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Handbook of Research on Energy Entrepreneurship

Handbook of Research on Energy Entrepreneurship

Elgar original reference

Edited by Rolf Wüstenhagen and Robert Wuebker

This timely Handbook provides an excellent overview of our knowledge on the drivers, influencing factors and outcomes of energy entrepreneurship. As the world grapples with global resource crunches and fights to reap the rewards of new energy technologies, a wide space for entrepreneurial opportunity has emerged. The Handbook of Research on Energy Entrepreneurship offers critical insight on how nations the world over can make full use of those opportunities.

Chapter 15: Path Dependence, Path Creation and Creative Destruction in the Evolution of Energy Systems

Raimo Lovio, Per Mickwitz and Eva Heiskanen

Subjects: business and management, entrepreneurship, organisational innovation, innovation and technology, organisational innovation, technology and ict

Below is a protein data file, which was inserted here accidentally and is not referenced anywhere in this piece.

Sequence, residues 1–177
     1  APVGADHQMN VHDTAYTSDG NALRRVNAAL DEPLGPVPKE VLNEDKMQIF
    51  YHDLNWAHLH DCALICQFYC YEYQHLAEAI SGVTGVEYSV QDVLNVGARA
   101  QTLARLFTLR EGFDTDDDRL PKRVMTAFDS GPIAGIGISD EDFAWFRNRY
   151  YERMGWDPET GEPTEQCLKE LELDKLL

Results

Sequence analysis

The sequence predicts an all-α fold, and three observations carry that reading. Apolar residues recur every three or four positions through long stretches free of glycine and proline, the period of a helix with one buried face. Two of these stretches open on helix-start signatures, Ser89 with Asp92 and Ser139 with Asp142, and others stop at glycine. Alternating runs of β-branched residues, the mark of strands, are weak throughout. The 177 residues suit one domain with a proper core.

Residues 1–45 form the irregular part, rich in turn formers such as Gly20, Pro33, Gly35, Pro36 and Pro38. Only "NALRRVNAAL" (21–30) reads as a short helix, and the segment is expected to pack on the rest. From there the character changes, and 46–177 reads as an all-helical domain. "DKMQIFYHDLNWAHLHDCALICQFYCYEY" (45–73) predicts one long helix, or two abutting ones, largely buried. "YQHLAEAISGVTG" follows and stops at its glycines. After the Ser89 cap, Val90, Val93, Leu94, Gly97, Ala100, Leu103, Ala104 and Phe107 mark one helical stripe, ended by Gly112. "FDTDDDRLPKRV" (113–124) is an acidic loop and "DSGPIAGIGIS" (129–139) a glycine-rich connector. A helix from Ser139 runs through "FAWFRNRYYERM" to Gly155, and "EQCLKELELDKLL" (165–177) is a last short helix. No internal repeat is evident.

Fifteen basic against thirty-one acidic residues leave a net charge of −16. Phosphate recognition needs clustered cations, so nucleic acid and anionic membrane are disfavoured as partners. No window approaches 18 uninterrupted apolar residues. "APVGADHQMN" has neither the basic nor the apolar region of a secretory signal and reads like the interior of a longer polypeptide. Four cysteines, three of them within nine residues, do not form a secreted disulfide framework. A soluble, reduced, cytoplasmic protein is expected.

Raimo Lovio, Per Mickwitz and Eva Heiskanen* 1 INTRODUCTION Why is it difficult to reorganize our energy system fundamentally, even though the need is today evident to almost everyone? The three combined challenges that most societies face with regard to their energy systems are: sustainability, climate change in particular, security of energy supply and competitiveness. For Europe these goals are addressed in the ‘20 20 by 2020’ initiative (COM 2008/30), but also in the Second Strategic Energy Review (COM 2008/781): reducing greenhouse gas emissions by 20 per cent, increasing the share of renewable energy to 20 per cent and improving energy efficiency by 20 per cent, all by 2020. We address the challenge of reorganizing energy systems by examining the role of path dependence, path creation and creative destruction in the evolution of energy systems. These concepts set the stage for examining the role of different innovation mechanisms and actors – such as new entrepreneurial and incumbent large firms, policy-induced innovations and civic or consumer activism – in the transformation of energy systems. Path dependence is a popular concept in evolutionary economics (David, 1985; Arthur, 1989), but it is also used in anthropology, history and management (Hirsch and Gillespie, 2001), and increasingly also in political science (Pierson, 2004). As it has become more widespread, the use of the concept has widened. In a broad sense, path dependence refers to the fact that ‘history matters’: prior choices place limits on what can be done today. This is because a certain technology becomes dominant...

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